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Faulty rhetoric in tax system reforms

(Article published in the Oct 6,2004 issue of TODAY, Business Section)

It appears that, despite the initial furor and horror expressed when the U.P. professors sounded the alarm on the deepening financial crisis that the country is facing, no further measure will be taken by both the executive and the legislature on the current tax benefits granted to business.  Interest seemed to have waned when a finance official, even before the expected thorough review of the incentives was concluded, made the public statement that barely Php 5 billion can be attained in additional revenues if the suspected perks were to be removed from the tax system.

A major reason for the impasse, in my view, was the faulty rhetoric used by the well-meaning reforms of the tax system.  Rhetoric was the congenital and fatal defect of the revision of our system of tax incentives because the so-called revenues that were said to be “lost” to the government as a result of favorable provisions in the general and special tax laws.  Unfortunately, a “loss” is an emotionally charged word that implies some form of negligence on the part of the loser and a measure of predatory tendencies, if not thievery, on the part of the taker. 

Since a good number of those in decision-making circles are themselves either direct or indirect beneficiaries of businesses enjoying the tax perks under examination (after all, it is an open secret that those who enter politics tend to be from or are sponsored by business and those who are in business tend to enter politics), an unarticulated but general feeling that seriously looking at the tax incentives would unleash an animal which no one seemed at this time confident of controlling.  
 










What seemed to have happened was that everyone who felt that they were under attack, and that really means “everyone”, period, circled their respective economic wagons to defend home and hearth.  With everyone on the defensive against the erosion of their tax privileges, there was no one out there left to attack.  Hence, the errie silence on review of the current situation on tax incentives.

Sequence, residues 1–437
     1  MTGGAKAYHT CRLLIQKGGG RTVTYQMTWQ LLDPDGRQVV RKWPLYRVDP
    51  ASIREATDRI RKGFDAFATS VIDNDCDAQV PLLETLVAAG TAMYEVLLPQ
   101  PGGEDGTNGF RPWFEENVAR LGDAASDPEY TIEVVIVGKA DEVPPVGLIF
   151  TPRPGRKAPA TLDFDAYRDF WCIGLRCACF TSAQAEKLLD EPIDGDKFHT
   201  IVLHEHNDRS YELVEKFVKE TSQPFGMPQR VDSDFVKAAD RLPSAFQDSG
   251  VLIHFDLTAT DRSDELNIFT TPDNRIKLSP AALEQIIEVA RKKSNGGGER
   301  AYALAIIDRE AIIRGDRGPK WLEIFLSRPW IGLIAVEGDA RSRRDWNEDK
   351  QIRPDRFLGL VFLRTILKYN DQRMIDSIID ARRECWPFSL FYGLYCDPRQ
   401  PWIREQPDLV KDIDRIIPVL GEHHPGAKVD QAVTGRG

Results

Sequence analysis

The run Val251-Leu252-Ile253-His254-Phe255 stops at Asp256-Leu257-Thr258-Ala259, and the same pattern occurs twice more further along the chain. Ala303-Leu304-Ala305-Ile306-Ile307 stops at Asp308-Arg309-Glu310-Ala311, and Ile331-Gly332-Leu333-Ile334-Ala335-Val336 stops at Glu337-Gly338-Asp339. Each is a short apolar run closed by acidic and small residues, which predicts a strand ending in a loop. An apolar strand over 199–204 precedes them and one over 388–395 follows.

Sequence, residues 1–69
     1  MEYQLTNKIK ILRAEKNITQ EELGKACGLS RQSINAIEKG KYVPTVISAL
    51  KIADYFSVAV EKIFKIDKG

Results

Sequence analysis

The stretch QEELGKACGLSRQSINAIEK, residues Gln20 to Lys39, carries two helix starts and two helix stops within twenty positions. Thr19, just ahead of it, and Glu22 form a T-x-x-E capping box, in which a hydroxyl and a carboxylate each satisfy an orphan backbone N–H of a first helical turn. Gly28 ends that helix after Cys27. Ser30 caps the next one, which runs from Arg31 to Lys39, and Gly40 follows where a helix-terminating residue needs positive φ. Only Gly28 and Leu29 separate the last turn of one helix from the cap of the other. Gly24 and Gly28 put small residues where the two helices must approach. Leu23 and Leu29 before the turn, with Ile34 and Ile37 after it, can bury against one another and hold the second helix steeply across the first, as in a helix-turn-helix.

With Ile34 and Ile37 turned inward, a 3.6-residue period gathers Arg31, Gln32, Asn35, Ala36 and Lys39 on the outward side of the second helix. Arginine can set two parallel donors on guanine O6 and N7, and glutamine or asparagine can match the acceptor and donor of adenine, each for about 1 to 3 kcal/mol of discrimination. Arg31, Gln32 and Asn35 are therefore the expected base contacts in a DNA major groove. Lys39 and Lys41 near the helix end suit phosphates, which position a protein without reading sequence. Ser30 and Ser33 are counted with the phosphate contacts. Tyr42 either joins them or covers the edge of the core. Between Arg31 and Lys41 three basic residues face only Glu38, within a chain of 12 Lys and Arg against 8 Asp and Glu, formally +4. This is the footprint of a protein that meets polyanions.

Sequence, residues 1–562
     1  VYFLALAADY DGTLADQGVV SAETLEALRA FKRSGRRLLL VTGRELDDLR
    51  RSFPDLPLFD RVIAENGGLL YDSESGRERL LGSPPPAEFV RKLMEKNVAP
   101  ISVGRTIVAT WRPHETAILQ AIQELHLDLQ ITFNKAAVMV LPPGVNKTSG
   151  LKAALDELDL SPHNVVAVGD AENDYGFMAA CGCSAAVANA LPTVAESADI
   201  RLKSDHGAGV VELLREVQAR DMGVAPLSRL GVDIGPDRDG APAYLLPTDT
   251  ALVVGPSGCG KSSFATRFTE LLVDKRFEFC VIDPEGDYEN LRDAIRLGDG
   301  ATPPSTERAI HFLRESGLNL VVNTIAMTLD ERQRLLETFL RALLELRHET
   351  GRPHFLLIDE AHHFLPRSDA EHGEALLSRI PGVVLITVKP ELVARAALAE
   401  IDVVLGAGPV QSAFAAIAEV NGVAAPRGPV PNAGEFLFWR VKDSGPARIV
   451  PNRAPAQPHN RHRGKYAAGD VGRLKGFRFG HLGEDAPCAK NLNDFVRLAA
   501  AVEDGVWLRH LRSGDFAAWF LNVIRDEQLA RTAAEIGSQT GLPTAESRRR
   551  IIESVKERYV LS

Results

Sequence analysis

But the review of tax incentives needed not necessarily be framed in such a heavy emotional baggage.  In the seventies, Harvard Law School Professor Stanley S. Surrey, who was Assistant Secretary of the U.S. Treasury for Tax Policy from 1961 until 1969, advocated the view point that tax incentives be recognized for what they really are, namely, expenditures of tax money.  In other words, they do not represent losses; tax incentives simply are another way in which the government spends money, exactly the same as when Congress appropriates money, for lean or for pork, out of the treasury. 

Surrey bases his thesis on the given that in the US, as we have it here, the general tax law is a tax income.  Ideally, everything that is conceptually income should be subjected to tax.  However, it is recognized that some income is involuntarily spent by the taxpayer.  For example, whatever he needs for his own personal sustenance and the basic support of his dependents.  Clearly, it is not fair to impose a tax on what one earns that is inexorably spent anyway on one’s basic needs.  Hence, the personal income tax law includes an amount called “personal” exemptions, representing that the government thinks is needed to keep the taxpayers’ body and soul together.

Outside the set of “involuntary” expenditures of income lies a whole slew of amounts likewise removed by law from the taxable base.  These amounts should have been taxed; but for some valid reason or another, are not subjected to tax.  The amount of tax that should have been collected but was not collected is called a “tax expenditure”.  In Surrey’s view, which to my mind seems very correct, a tax expenditure, which is the result of tax incentives, is essentially the same as expenditure authorized in the budget.  They both are utilizations of the taxpayers’ money.  They are not “losses” anymore that what is spent by the government in payment of the salaries of teachers can be considered a “loss”.

This conceptualization, in my view, removes the gut resistance provoked by the use of the word “loss” to a reasonable reassessment of the over-all picture of the country’s tax incentives.  No one is subliminally labeled as a thief; every simply comes forward to justify why he is a worthy recipient of government funds.

Once we accept Surrey’s premise, and I do not see any reason why not, then it becomes a clinical exercise to ask a few questions, some of them very hard, to determine whether this or that tax incentive should remain in the statute books.